پروژه فیلم مستند با دانشجویان سال اول هنر درمانی
|کد مقاله||سال انتشار||تعداد صفحات مقاله انگلیسی||ترجمه فارسی|
|30493||2006||7 صفحه PDF||سفارش دهید|
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Publisher : Elsevier - Science Direct (الزویر - ساینس دایرکت)
Journal : The Arts in Psychotherapy, Volume 33, Issue 4, 2006, Pages 281–287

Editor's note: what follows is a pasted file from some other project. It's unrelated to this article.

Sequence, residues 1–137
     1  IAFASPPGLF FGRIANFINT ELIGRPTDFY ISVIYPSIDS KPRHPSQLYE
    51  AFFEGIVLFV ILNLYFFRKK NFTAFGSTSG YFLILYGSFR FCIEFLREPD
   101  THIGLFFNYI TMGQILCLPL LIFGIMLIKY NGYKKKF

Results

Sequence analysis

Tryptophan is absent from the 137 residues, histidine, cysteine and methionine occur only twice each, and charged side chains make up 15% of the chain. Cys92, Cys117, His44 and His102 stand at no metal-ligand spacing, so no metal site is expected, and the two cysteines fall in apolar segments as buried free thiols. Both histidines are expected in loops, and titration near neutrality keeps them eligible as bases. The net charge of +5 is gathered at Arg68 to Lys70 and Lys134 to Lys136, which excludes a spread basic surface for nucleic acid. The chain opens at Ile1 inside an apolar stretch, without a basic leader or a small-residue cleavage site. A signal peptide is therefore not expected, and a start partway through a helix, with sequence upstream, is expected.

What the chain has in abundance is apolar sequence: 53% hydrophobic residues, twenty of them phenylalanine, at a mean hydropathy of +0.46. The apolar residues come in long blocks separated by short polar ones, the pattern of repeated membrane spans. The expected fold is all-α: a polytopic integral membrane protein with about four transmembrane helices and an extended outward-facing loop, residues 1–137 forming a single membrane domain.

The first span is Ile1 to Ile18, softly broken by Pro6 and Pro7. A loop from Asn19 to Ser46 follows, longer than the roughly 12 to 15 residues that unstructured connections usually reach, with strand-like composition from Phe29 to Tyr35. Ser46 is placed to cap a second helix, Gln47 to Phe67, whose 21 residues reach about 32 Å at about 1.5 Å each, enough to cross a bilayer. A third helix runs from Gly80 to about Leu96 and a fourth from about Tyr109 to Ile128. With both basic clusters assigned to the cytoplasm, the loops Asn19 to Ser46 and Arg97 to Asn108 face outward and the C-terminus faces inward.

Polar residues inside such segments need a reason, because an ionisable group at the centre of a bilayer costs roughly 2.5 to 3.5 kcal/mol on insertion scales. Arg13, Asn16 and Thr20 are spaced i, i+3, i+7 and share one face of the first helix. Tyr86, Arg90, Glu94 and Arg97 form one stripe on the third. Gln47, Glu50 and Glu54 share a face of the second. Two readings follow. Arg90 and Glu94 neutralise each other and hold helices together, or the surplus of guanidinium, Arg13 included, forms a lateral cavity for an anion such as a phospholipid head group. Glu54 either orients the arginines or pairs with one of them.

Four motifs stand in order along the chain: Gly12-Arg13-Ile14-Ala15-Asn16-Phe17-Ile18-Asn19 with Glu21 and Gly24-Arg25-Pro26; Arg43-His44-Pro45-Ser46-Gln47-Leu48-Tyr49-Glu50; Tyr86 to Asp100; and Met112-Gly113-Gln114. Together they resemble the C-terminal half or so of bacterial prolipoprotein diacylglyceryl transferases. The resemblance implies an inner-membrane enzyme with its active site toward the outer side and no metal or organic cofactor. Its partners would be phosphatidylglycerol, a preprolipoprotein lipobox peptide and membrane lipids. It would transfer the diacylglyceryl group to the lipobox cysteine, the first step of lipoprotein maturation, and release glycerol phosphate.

New user-friendly programs for video editing, smaller and less expensive digital cameras, and the mobility of laptop computers have made digital video as an art therapy medium an accessible and realistic media choice for art therapy practice. Masters level art therapy students evolve dramatically over their first year and this evolution can be documented and used for supervision through this digital media. This paper discusses a documentary film project that was initiated to meet the particular needs of first-year art therapy students by having them document their year through digital pictures, digital film, traditional art making and written journaling. Ten first-year art therapy students worked collectively to capture what they defined as the “first-year experience.” Students took on the roles of video camera people, actors, still photographers, art producers, editors, and directors. They stated that the process of first-year art therapy education was challenging both emotionally and mentally and that this video project helped them to reflect on their experience, document their transitions, and become aware of the immediacy of the moment.